- Kansas City was just better, all around
Talent won out, up-and-down the field. Graham Zusi and Benny Feilhaber out played Kelyn Rowe and Lee Nguyen. Oriol Rosell was a better holder than Andy Dorman or Scott Caldwell. Claudio Bieler and C.J. Sapong contributed more than Dimitry Imbongo and Juan Agudelo, and Kansas City’s fullbacks thrived while New England’s struggled. Even the Revolution’s best player, Jose Goncalves, was out played by Aurelien Collin, who scored Kansas City’s opening goal.
The series was closer than many would have picked, New England’s two-goal lead a Gillette giving all of us plenty of reason to doubt. But ultimately, Kansas City was just too much, and after 113 oppressive minutes at Sporting Park, the favorites won out. Looking back on it — at all strong performances Kansas City got on Wednesday — it’s remarkable it took so long to separate the sides.
- For New England, it was a year too soon
Nobody expected the Revolution to get here, and in their season’s final game, they looked like a team for whom making the league’s final four was asking too much. They didn’t have a way to get into the game tonight, a Kansas City team hungry from two years’ disappointment smothering them. They briefly regained hope after converting a set piece, but with the exception of a 15-minute stretch in the second half, they were decidedly second best.
They need more time to build – to have a roster able to adjust to these type of challenges. Nguyen and Rowe need more experience — more tricks that only time can treat — and head coach Jay Heaps probably needed tonight’s lesson. Ultimately, he couldn’t come up with a solution for Kansas City.
If they’re in this spot next year, New England will have a Plan B. The additional depth and experience will help close the gap. Tonight, however, that gap was huge, despite the close final score.
- Big, forgotten names can still have a big impact
Peter Vermes seemed to have lost faith in Benny Feilhaber and Claudio Bieler. Not so. A surprise inclusion in the starting lineup, Feilhaber produced one of his best performances in a KC uniform. His read on Matt Reis’s 113rd minute pass created the final goal.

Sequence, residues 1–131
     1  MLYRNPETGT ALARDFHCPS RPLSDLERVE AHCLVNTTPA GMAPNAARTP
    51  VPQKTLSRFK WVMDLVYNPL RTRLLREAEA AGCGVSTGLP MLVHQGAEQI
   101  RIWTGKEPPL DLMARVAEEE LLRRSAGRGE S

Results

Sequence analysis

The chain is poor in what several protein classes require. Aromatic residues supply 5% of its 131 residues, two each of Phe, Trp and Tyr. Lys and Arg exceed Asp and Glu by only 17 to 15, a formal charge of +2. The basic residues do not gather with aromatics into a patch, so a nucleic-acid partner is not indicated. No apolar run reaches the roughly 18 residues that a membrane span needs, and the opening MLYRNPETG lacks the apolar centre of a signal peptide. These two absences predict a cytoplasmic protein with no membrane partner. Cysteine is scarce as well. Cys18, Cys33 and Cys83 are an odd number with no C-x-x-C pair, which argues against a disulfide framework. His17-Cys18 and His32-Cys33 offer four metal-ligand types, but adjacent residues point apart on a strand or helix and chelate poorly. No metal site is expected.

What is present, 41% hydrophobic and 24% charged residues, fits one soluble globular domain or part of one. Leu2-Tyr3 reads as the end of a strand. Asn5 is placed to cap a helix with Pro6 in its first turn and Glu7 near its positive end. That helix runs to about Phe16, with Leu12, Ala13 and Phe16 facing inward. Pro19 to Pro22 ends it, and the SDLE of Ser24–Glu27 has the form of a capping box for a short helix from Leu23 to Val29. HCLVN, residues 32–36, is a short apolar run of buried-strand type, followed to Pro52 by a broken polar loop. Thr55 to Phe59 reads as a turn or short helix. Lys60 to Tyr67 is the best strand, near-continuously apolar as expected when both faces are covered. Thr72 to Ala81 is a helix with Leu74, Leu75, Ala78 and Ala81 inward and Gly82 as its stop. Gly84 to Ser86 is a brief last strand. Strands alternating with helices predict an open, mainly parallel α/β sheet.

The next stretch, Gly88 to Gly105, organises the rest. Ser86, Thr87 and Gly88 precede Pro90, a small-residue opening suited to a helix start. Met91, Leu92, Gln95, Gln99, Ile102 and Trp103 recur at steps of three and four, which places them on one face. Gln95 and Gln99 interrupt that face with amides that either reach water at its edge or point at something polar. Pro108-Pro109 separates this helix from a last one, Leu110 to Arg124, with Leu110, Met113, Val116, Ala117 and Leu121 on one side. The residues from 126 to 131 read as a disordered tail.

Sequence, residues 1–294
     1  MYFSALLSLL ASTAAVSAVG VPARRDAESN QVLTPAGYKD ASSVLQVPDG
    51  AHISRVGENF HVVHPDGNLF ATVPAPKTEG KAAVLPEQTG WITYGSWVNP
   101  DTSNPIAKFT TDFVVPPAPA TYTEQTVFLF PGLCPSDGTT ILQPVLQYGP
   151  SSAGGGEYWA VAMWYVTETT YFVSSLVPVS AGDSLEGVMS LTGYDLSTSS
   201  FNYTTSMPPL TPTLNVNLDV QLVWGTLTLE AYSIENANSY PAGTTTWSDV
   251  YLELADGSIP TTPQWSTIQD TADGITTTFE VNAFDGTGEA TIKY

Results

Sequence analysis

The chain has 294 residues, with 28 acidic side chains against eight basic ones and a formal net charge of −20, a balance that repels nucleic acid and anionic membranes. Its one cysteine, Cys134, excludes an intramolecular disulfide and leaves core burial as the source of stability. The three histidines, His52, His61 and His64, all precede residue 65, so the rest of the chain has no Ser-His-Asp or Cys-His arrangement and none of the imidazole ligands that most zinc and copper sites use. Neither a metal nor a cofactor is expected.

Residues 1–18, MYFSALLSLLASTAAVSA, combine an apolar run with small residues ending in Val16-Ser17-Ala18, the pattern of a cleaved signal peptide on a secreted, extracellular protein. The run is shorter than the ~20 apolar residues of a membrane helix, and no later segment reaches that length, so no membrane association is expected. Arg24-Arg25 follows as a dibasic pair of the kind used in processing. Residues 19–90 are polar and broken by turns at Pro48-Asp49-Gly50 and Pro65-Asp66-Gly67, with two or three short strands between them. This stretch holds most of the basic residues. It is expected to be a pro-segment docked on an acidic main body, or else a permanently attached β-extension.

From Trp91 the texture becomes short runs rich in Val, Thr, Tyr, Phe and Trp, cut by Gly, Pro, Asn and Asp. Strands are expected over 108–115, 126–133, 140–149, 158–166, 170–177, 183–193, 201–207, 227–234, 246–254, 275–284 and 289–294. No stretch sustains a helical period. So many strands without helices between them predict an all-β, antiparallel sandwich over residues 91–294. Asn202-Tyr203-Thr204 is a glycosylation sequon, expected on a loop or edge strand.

And then there’s Claudio Bieler, the Designated Player whose status had supposedly reached a new low after he was left out of the traveling party for the game in New England. Tonight, he that bit of experience and savvy Kansas City needed, the attacker amongst Vermes’s options that could start converting their control into chances.
Even before his winner, Bieler had a couple of close calls, and with C.J. Sapong and Dom Dwyer failing to do more with their chances, it’s tempting to wonder what Bieler could offer if he could find a fraction of his early season opportunism. Between Dwyer’s work rate and Sapong’s aerial prowess, Sporting would lose something if they sacrificed either, but Bieler gives them something they’re missing.
Perhaps he’s just an option to keep in reserve. Like tonight.
- Some serious depth on display for KC
Paolo Nagamura, Benny Feilhaber, and Dom Dwyer came into Peter Vermes’s XI. Bieler and Ike Opara came off the bench, making their first appearances of the series. Soony Saad also provided an option, while first leg starters Teal Bunbury and Jacob Peterson didn’t even get off the bench. These are all players who, at one point this season, were part of Vermes’s starting XI. Now, they’re just part of the mix.
And it’s not just that they’re available. Tonight, each made a meaningful contribution. Nagamura filled in admirably for Lawrence Olum. Dwyer missed his chances but troubled New England at times with his pressure. Saad provided a wide option that allowed Zusi to move in, while Opara helped reinforce the defense when the team claimed their lead. And of course, you know about Feilhaber and Bieler.
Particularly with the international break separating the conference finals’ legs, who knows how the team will look at the end of its series with Houston. But Peter Vermes has a lot of options. On Wednesday, he used them.
- But Sporting ain’t done nothing yet
The outcome was dramatic, but the team didn’t accomplish anything they weren’t expected to. Now comes the hard part – another crack at Houston. Win, and they’ll bury two years worth of demons and host MLS Cup. Lose, and it will be the same story as the last two years: Walking off Sporting Park’s field while a stage is erected for the Dynamo.